Now, re-reading your post in full, and seeing the required nuances of 'heir', I still would say 'oldest' and I'm not getting the link that 'eldest' means anything more than an heir.
    Maybe something like using the 'next in line' might work for you? I actually do wish elder/eldest was more common, I like the idea of retaining our Germanic comparative vowel shifts but it's just not really that prevalent in the language I've been brought up to speak.
     

    boozer

    Senior Member
    Bulgarian
    TT, I personally like "eldest". It is the right word, to me. Somehow, although this is probably absurd, I cannot shake off the nagging feeling that "oldest" says, implicitly and ever so subtly, that they were all old. I know this does not necessarily have to be the case, but... Then, "son and heir" does not necessarily tell me you are talking about the oldest of them.

    Of course, I appreciate the fact that "oldest" is the more popular word.
     

    Alxmrphi

    Senior Member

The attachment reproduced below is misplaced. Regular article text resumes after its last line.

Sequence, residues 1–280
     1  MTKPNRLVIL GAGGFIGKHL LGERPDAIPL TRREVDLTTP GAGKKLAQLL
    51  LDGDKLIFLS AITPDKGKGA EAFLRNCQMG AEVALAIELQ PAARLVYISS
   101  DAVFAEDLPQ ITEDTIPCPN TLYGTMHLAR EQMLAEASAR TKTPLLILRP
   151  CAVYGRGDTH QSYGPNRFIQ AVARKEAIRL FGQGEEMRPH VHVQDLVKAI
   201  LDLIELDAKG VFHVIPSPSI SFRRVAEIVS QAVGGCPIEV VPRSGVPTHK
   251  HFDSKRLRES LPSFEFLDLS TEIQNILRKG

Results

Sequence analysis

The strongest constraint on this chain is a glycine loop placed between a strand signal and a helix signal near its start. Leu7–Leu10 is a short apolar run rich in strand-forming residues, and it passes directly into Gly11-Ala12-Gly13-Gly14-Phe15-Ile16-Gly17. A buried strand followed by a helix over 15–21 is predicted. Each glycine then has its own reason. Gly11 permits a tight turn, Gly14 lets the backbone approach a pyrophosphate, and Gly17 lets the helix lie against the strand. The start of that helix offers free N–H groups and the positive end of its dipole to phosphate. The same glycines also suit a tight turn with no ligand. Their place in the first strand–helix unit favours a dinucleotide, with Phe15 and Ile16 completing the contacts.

UK English
    If you saw a family together and they meet a friend they haven't seen for 10 years, and the kids are, let's say 6 and 7, if the friend said "Ah, so these are your kids? Which one is the oldest?" That wouldn't strike you as odd, would it? Oldest of a group only has the ceiling of the highest age of the oldest member.

    (Let's not get into the 'if there are only two it should be older/elder' nonsense, before anyone brings that up:p)
     

    Thomas Tompion

    Senior Member
    English - England
    Yes, I know. But it's a bit like the old chestnut about whether a glass is half full or half empty; I can see Boozer's point.

    I felt it was better to tack my request onto an existing thread, rather than start a new one. In the OP I'd certainly say oldest.